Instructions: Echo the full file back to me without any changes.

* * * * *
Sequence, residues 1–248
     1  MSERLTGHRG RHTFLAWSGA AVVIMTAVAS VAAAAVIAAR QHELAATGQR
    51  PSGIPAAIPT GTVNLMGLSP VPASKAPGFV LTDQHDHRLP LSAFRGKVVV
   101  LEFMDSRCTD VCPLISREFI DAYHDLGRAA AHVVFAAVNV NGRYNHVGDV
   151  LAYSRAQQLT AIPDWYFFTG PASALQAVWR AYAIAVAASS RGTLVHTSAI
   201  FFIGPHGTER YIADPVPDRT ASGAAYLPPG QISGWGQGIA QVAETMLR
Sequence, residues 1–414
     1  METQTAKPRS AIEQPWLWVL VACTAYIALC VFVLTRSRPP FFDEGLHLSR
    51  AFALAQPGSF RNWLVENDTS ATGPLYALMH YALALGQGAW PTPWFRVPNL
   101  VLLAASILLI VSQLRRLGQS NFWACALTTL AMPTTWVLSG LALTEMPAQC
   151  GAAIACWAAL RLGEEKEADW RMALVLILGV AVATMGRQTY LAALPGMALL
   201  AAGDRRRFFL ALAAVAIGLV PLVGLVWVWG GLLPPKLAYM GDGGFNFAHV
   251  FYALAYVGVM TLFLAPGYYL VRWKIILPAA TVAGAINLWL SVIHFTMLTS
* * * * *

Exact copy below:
Sequence, residues 1–248
     1  MSERLTGHRG RHTFLAWSGA AVVIMTAVAS VAAAAVIAAR QHELAATGQR
    51  PSGIPAAIPT GTVNLMGLSP VPASKAPGFV LTDQHDHRLP LSAFRGKVVV
   101  LEFMDSRCTD VCPLISREFI DAYHDLGRAA AHVVFAAVNV NGRYNHVGDV
   151  LAYSRAQQLT AIPDWYFFTG PASALQAVWR AYAIAVAASS RGTLVHTSAI
   201  FFIGPHGTER YIADPVPDRT ASGAAYLPPG QISGWGQGIA QVAETMLR
Sequence, residues 1–414
     1  METQTAKPRS AIEQPWLWVL VACTAYIALC VFVLTRSRPP FFDEGLHLSR
    51  AFALAQPGSF RNWLVENDTS ATGPLYALMH YALALGQGAW PTPWFRVPNL
   101  VLLAASILLI VSQLRRLGQS NFWACALTTL AMPTTWVLSG LALTEMPAQC
   151  GAAIACWAAL RLGEEKEADW RMALVLILGV AVATMGRQTY LAALPGMALL
   201  AAGDRRRFFL ALAAVAIGLV PLVGLVWVWG GLLPPKLAYM GDGGFNFAHV
   251  FYALAYVGVM TLFLAPGYYL VRWKIILPAA TVAGAINLWL SVIHFTMLTS